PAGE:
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School struggles with cuts

September 12, 2012
Kylie Saari - Staff Writer , Fairmont Sentinel

FAIRMONT - Fairmont Area school board members continued Tuesday to look for ways to cut $750,000 from the 2013-2014 budget.

The cuts are scheduled to be made Oct. 9, with an understanding that they will be reversed if voters approve a levy increase Nov. 6. If the referendum fails, the cuts would remain in place.

The district is looking to increase its current $500 per pupil unit levy to $950.

For comparison, Granada-Huntley-East Chain residents pay $2,788 per student, Martin County West residents pay $1,540 per pupil, and Truman's excess levy is $1,476 per student.

The school board discussed several options to cut the budget, but was reluctant to identify anything specific with media present - until a more specific list is created.

General discussion revealed board members want to see everything that could be cut on the table, including items previously made public - such as cutting co-curricular activities - and less discussed items, such as all-day kindergarten, the ninth- and 10th-grade computer project, and sections of K-6.

"Everything has to be on the table," said board member Diane Gerhardt.

Each item would have repercussions - such as additional child care costs for parents of kindergarteners in half-day programs, larger class sizes with fewer sections, and shorter school days for students if electives are cut from the high school.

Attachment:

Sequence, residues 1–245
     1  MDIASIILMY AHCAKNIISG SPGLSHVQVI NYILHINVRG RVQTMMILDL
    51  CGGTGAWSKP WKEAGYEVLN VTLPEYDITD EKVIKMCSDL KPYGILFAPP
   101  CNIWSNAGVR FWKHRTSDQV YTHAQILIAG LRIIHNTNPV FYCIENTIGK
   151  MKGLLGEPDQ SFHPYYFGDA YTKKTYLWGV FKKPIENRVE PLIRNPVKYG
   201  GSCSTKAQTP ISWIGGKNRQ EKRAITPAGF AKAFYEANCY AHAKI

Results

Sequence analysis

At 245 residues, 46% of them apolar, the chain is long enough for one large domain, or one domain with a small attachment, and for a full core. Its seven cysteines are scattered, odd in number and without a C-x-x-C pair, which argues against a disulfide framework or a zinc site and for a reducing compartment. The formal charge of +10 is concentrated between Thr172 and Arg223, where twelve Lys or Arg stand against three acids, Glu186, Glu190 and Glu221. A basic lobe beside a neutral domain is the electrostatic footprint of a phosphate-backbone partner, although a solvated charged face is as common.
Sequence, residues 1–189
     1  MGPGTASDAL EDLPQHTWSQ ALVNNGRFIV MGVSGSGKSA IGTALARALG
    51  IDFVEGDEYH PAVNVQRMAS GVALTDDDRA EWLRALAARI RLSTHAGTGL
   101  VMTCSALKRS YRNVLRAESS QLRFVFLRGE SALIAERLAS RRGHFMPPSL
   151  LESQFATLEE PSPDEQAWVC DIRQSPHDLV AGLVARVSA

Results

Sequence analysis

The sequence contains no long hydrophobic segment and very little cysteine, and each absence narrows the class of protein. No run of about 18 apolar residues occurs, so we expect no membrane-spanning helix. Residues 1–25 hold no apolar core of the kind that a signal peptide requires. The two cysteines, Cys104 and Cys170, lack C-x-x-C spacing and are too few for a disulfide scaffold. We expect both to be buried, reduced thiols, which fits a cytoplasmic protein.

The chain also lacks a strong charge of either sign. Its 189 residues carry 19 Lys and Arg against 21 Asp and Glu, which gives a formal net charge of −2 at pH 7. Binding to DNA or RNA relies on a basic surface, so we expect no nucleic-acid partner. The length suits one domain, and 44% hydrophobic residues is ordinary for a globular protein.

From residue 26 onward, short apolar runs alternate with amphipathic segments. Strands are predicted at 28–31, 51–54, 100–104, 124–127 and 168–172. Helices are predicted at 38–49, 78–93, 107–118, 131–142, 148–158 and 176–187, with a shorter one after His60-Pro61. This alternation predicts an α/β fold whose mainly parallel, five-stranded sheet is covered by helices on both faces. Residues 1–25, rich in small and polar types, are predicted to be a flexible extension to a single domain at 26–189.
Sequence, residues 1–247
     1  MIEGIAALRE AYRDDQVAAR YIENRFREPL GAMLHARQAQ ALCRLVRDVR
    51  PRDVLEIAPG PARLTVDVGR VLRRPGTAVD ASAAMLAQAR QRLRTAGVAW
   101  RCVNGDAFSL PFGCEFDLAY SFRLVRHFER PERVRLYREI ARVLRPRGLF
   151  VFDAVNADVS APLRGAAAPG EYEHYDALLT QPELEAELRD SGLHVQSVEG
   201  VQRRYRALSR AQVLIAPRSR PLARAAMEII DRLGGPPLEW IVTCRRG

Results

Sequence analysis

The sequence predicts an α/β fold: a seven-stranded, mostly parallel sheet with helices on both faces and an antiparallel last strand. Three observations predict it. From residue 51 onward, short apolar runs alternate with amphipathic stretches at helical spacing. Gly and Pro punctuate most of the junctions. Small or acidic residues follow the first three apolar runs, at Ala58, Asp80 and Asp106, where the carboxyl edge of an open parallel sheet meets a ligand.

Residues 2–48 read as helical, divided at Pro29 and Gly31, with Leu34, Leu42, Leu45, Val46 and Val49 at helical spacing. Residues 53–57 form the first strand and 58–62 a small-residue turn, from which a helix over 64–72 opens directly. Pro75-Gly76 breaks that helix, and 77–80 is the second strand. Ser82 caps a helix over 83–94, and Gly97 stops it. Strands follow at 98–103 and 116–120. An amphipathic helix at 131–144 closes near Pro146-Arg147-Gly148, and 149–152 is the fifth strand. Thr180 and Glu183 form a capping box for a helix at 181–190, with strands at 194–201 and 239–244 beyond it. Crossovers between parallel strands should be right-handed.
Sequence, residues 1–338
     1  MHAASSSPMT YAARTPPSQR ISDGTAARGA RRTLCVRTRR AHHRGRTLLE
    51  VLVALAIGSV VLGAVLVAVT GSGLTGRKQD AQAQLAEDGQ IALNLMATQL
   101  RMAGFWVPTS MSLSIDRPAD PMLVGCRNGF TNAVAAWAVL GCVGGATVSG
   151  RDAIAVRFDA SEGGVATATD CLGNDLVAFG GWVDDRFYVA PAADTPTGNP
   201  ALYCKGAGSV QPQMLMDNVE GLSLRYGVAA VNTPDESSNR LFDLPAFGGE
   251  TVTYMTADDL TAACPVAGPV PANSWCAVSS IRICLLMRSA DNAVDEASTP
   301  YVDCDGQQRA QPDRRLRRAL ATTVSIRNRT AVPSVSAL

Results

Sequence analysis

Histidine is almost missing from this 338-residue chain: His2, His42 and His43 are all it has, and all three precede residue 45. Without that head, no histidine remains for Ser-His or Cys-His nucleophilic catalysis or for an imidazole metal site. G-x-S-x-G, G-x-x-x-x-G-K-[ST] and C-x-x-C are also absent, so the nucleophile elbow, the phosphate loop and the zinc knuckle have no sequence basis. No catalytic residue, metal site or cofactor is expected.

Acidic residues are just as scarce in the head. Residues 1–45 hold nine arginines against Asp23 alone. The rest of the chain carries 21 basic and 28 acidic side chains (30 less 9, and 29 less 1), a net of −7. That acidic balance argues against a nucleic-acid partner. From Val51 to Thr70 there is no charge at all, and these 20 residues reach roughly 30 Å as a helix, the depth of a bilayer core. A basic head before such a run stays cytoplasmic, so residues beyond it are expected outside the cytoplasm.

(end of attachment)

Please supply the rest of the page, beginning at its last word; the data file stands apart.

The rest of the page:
"We are down to the bone," said board member Sandy Beckendorf. "What are we going to cut? No matter what we are going to hurt kids and family."

Brown said the levy increase, if approved, will cost a family in a $77,000 home $87 per year. A $160,000 home would see an increase of $185 per year.

The board reached no consensus on how to cut the budget, and was unable to come up with a "cut list" without more information. It charged the superintendent and other administrators with drafting a prioritized list of all non-required classes and services, along with their cost and student participation.

The district has failed to convince voters in the past that a levy increase is needed, and a similar request for failed last year.

"We took a spanking at the polls last year," Brown said.

Brown said one reason the school needs to continue to trim the budget, or pass the levy hike, is inflation, which costs $350,000 per year.

"Inflation keeps going up 2.5 percent each year, but our levy has been frozen for nine years," he said. "If we pass the $950, we will finally catch up to inflation. We won't be able to add even one teacher."

The list of potential cuts will be complete by Thursday, and will be reviewed by the school board Monday.



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